Hi Lindsay and Amy I really hope you reply even thguoh it has been 2 years since you've posted on here I'm so glad to have found this site. My name is Nichole and I am almost 23 years old, I have suffered with NDPH since I was 16. I was a Sophomore in high school, it was near the end of 2006 when I got sick with bronchitis and the flu and coughed and coughed and noticed I had a really terrible headache with it. Once the sickness went away I noticed that the migraine, that pain in my head that had been so foreign to me prior to this, had not gone away, and still has not to this day I had to be home schooled and quit all of my sports I was a part of My friends went on with their lives and forgot about me while I had a constant 24/7 pain that I could not get rid of no matter how hard I tried or how much it killed me, physically and mentally. We began with Chiropractors, decompression machines, adjustments, etc. I traveled hours to probably 20 different Chiropractors that all said that they knew what I had and exactly how to treat it. I've tried natural supplements, over the counter medications, 6 Occipital nerve blocks in the back of my head, massage, diets of no wheat, no gluten, no sugar, vegan only, all with no progress. My family understands the pain and how I can be ok one minute but then pick up something slightly too heavy, walk a little too fast, sit down a little too hard and I will have to be in my room with blankets over my windows and absolutely no sound because the pain is so unbearable. It is so frustrating because I too feel like a burden, like ok you have a headache so what? Why can't you stay out late or get up early or work long shifts or run around and be active? But it is so much more than a headache It's become a way of life and althguoh I think I handle it well I know that deep down I am depressed and deeply saddened by it because anytime I stop to think about it or talk to anyone about it I cry instantly. Lindsay, I too have tried the things you have with no help and at Cleveland Clinic where they did my nerve blocks they told me about the program where you stay there for an amount of time. My option they told me about when staying there was a few weeks, they would put me on all these medications and steroid medications, have physical therapy and counseling as well. They also said the FDA would soon be approving the Botox injections, I'm sorry those did not help you either NDPH has altered my life drastically, I can't work as much, I can't run around and just be free, I can't take a full load of classes at a time Basically I just want to thank you for having this site Amy, it is really more helpful than you know, just knowing that I'm not the only one to suffer from this and that I'm not the only one that has this pain to think about every single second of every day Bless you and bless all your readers, may you all find relief from the pain -Nichole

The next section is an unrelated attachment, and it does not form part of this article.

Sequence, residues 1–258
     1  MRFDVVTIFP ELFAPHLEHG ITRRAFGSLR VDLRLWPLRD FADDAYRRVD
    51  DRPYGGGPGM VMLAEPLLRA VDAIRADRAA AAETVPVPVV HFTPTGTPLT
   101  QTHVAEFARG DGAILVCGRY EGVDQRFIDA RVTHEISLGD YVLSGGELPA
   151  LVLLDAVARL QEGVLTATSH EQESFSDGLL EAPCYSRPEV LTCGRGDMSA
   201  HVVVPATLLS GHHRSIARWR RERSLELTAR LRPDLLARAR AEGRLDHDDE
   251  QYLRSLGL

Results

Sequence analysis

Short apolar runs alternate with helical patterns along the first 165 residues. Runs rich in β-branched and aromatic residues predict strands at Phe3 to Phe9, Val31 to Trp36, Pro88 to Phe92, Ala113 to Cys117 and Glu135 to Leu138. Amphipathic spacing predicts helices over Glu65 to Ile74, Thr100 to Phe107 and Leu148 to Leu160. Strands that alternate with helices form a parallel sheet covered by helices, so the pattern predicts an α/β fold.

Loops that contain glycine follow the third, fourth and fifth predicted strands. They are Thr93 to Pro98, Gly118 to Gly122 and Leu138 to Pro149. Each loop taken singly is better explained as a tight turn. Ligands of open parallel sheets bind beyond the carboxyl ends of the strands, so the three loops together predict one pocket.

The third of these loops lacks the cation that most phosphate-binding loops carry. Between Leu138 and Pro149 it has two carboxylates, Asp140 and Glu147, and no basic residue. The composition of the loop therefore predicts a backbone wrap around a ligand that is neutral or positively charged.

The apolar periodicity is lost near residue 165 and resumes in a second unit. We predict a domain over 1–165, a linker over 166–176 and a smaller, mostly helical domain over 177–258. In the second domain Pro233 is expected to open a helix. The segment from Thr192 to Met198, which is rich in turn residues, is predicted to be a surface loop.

Kritsada 21 months ago

Amy, I just found this website and I've been liarneng a lot from reading the different posts from patients with NDPH. I would like to share my medical story. I am a pre-med student that has had to withdraw from college and almost all other activities because of the chronic pain I've endured over the last 3 years. The pain is unrelenting and has brought my life to a screeching halt. The pain I experience is a non-stop, bilateral, dull, aching soreness in my eyes and in my forehead. It is not throbbing, or sharp, or pulsating. It is a static, steady ache. When different specialists have asked me about my headaches I always respond that I don't have headaches . Rather, I've had one long continuous headache that has lasted over 3 and 1/2 years.I reside in Texas and I've traveled all over America to see many excellent physicians across the various specialties who have done careful evaluations. Unfortunately, despite all of these efforts, my diagnosis remains in doubt by many and none of the medical or surgical treatments have alleviated the pain I experience. My father (a physician) and I have created a website that contains my full medical information, including imaging reports, pictures from my surgeries, and various medical articles we've pulled over the years. there is a lot of information on the website, but if you're willing to read through my medical history, you may have a better understanding of what I've gone through the past 3 years, what meds I've been prescribed, what surgeries I've undergone, etchere is the link: sites.google.com/site/ineedadiagnosis/I'd be so very grateful for any kind of helpful suggestion, recommendation, or referral. thank you in advance for your time and considerationmy email: most sincerely,Austin